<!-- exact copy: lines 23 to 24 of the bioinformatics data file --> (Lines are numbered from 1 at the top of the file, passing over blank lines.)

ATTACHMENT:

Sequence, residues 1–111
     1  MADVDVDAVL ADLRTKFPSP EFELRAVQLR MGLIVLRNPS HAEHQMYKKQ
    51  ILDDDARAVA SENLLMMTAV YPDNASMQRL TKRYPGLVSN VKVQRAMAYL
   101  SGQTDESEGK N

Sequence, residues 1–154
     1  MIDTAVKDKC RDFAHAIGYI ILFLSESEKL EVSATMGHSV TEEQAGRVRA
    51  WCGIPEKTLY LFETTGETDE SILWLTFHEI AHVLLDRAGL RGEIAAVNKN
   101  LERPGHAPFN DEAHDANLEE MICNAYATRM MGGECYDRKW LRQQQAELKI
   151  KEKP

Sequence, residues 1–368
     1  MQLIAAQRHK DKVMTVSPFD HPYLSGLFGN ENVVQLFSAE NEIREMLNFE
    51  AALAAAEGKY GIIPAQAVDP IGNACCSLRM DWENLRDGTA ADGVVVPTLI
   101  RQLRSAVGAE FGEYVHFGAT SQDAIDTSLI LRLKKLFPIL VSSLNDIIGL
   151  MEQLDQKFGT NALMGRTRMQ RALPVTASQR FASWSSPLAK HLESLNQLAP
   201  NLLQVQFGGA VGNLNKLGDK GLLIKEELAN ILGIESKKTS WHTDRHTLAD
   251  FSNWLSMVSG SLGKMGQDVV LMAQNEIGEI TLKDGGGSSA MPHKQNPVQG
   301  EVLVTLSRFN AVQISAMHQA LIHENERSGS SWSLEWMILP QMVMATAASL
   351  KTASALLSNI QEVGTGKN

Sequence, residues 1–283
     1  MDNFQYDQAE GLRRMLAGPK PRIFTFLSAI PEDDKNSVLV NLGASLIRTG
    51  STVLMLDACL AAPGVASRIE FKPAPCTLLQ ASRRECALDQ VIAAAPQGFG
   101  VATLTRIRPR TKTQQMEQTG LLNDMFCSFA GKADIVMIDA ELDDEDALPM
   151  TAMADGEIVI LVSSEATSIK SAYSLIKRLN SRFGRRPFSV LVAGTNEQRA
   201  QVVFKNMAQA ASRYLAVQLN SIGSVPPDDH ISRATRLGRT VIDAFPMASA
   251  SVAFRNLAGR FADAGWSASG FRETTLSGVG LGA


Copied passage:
   151  TAMADGEIVI LVSSEATSIK SAYSLIKRLN SRFGRRPFSV LVAGTNEQRA
   201  QVVFKNMAQA ASRYLAVQLN SIGSVPPDDH ISRATRLGRT VIDAFPMASA